Horvath v. Burt

Annotate this Case

643 P.2d 1229 (1982)

Ann HORVATH, Appellant, v. Jerald BURT, Respondent.

No. 13076.

Supreme Court of Nevada.

April 30, 1982.

*1230 Gordon W. Rice and Goedert & Van Walraven, Reno, for appellant.

Sala, McAuliffe, Hill & White, Reno, for respondent.

OPINION

SPRINGER, Justice:

Appellant Ann Horvath sought damages from her former landlord Jerald Burt for injuries sustained during a fire in the apartment house where she lived. After a jury verdict in favor of the landlord, Horvath moved for a new trial. The motion was denied. Horvath appeals from the jury verdict and the order denying her motion for a new trial.

Horvath urges that several errors were committed by the trial court. Because we conclude that the trial court committed reversible error by instructing the jury on contributory negligence, we need not consider the other issues presented.

Ordinarily, the existence of contributory negligence is a question of fact; it becomes a question of law when the evidence will support no other inference. Wagon Wheel v. Mavrogan, 78 Nev. 126, 369 P.2d 688 (1962). An examination of the record reveals no evidence to justify a finding of contributory negligence.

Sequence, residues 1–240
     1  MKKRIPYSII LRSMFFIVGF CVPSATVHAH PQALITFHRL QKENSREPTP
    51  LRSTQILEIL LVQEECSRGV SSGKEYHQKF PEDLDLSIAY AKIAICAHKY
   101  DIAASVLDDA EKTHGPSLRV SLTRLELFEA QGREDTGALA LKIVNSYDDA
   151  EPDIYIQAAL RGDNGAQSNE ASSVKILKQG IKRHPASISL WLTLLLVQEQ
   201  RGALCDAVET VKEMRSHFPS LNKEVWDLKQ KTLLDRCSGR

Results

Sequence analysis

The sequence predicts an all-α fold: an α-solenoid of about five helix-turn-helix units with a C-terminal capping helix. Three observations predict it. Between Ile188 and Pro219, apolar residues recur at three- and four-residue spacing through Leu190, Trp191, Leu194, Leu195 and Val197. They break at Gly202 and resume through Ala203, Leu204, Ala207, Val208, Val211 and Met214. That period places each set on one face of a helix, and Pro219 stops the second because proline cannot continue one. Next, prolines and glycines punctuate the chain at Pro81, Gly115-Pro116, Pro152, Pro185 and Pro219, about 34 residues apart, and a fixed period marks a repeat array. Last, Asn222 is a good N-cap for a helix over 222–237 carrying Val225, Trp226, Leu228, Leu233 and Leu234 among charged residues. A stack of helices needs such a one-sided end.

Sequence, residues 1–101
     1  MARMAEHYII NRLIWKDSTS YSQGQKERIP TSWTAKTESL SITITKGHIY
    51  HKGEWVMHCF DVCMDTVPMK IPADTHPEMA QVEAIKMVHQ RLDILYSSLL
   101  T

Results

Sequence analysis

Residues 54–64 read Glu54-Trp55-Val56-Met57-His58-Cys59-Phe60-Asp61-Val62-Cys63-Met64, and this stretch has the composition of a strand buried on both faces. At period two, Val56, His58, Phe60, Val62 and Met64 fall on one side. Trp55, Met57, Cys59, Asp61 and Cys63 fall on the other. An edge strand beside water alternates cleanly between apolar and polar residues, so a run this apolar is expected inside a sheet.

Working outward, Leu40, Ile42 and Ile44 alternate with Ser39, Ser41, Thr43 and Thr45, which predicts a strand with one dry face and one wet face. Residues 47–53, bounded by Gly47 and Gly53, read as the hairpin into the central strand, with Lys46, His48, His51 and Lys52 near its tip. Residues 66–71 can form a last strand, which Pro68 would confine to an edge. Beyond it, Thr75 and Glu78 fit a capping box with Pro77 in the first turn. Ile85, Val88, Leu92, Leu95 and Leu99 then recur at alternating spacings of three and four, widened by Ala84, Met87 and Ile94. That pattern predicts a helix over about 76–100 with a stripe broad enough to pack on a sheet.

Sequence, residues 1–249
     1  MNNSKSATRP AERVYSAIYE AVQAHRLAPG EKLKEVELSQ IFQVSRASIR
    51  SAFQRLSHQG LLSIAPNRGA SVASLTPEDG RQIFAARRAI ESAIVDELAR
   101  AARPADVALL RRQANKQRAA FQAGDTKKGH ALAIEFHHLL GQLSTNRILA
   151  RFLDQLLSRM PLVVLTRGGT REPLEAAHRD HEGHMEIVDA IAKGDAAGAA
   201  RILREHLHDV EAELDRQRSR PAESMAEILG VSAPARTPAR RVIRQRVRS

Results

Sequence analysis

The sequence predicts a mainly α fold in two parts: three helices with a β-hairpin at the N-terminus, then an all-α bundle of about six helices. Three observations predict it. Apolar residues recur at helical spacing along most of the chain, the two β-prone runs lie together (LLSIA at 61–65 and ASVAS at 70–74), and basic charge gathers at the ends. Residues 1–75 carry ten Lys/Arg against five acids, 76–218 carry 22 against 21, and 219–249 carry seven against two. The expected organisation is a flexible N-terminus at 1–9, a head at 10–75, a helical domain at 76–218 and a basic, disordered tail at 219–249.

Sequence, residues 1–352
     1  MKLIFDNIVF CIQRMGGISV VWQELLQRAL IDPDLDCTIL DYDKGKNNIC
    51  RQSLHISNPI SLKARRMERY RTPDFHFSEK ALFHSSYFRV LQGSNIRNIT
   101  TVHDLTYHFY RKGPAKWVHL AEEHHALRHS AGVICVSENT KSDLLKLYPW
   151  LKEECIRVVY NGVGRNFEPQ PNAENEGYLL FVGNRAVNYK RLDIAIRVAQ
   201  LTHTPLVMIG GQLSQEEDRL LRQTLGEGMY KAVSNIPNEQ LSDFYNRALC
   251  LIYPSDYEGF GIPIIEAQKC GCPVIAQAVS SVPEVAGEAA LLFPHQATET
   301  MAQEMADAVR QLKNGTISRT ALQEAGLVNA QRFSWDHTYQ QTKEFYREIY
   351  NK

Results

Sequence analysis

Horvath, a woman of 64 years, was awakened in the middle of the night by shouts of warning. She opened the door to the hall and found it to be filled with smoke. A witness testified that there was a "terrific amount of flame" which permitted "no way of going downstairs at all." Trapped, Horvath broke an outside window and positioned herself outside the building by hanging from the sill with her feet touching an inclined, roof-like projection immediately below her. She subsequently jumped or fell, seriously injuring herself.

Respondent claims that the facts establish that Horvath's negligence contributed to her injuries. This contention is based on the testimony of a police officer who assisted at the fire. Respondent argues that the police officer had told Horvath to wait, and that had she done so, she would have been rescued without injury. Respondent's position, apparently, is that Horvath had a duty to hold onto the wet sill a little longer than she did.